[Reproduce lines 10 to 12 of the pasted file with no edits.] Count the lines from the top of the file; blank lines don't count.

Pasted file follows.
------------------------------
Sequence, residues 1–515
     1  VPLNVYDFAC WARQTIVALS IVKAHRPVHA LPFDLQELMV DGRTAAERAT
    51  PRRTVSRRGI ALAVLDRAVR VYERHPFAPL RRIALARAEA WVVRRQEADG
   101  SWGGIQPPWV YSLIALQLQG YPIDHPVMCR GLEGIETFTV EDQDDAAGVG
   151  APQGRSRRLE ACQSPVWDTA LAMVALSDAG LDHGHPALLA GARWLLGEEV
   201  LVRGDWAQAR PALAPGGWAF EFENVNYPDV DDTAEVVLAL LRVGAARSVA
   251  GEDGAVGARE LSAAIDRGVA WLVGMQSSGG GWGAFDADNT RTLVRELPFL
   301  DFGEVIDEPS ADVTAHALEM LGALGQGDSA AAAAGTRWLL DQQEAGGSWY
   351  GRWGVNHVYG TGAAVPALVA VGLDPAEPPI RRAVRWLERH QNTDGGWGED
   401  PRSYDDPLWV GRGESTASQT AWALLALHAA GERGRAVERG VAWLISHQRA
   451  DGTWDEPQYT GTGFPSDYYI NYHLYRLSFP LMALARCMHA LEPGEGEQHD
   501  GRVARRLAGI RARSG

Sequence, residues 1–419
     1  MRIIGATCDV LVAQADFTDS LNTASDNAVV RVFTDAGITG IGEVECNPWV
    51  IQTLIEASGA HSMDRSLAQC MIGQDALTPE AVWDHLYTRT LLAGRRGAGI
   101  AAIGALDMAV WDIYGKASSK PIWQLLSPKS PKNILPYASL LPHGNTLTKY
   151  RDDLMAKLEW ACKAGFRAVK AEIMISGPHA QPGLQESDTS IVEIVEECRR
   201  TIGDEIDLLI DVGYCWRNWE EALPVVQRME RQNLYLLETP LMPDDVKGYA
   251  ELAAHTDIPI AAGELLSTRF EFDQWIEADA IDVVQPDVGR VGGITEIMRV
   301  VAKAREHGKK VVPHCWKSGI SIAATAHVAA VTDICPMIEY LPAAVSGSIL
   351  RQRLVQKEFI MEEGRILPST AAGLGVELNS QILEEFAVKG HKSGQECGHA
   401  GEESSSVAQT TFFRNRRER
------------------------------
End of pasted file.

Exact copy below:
   401  PRSYDDPLWV GRGESTASQT AWALLALHAA GERGRAVERG VAWLISHQRA
   451  DGTWDEPQYT GTGFPSDYYI NYHLYRLSFP LMALARCMHA LEPGEGEQHD
   501  GRVARRLAGI RARSG